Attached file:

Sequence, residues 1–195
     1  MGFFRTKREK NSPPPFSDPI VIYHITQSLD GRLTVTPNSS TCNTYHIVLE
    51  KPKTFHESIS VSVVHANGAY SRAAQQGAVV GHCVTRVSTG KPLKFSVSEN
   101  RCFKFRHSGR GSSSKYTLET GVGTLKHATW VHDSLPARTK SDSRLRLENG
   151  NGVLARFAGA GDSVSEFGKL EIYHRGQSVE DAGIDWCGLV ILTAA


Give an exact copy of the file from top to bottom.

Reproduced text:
Sequence, residues 1–195
     1  MGFFRTKREK NSPPPFSDPI VIYHITQSLD GRLTVTPNSS TCNTYHIVLE
    51  KPKTFHESIS VSVVHANGAY SRAAQQGAVV GHCVTRVSTG KPLKFSVSEN
   101  RCFKFRHSGR GSSSKYTLET GVGTLKHATW VHDSLPARTK SDSRLRLENG
   151  NGVLARFAGA GDSVSEFGKL EIYHRGQSVE DAGIDWCGLV ILTAA